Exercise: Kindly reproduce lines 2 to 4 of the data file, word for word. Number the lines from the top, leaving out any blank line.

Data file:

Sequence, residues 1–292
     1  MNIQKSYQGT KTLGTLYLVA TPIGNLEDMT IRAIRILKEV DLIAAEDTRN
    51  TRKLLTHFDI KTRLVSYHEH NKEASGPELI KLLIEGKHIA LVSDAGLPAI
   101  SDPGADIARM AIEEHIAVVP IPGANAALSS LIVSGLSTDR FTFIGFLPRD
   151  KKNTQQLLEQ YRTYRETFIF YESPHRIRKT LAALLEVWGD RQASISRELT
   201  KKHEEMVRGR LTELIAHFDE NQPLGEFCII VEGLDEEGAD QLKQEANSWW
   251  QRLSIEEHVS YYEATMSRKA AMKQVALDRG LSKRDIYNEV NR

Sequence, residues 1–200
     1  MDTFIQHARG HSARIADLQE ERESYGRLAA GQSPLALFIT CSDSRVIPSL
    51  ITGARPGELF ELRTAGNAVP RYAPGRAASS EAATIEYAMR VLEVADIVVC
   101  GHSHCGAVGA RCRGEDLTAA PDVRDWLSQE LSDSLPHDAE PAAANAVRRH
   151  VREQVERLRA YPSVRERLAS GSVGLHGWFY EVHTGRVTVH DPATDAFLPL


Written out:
     1  MNIQKSYQGT KTLGTLYLVA TPIGNLEDMT IRAIRILKEV DLIAAEDTRN
    51  TRKLLTHFDI KTRLVSYHEH NKEASGPELI KLLIEGKHIA LVSDAGLPAI
   101  SDPGADIARM AIEEHIAVVP IPGANAALSS LIVSGLSTDR FTFIGFLPRD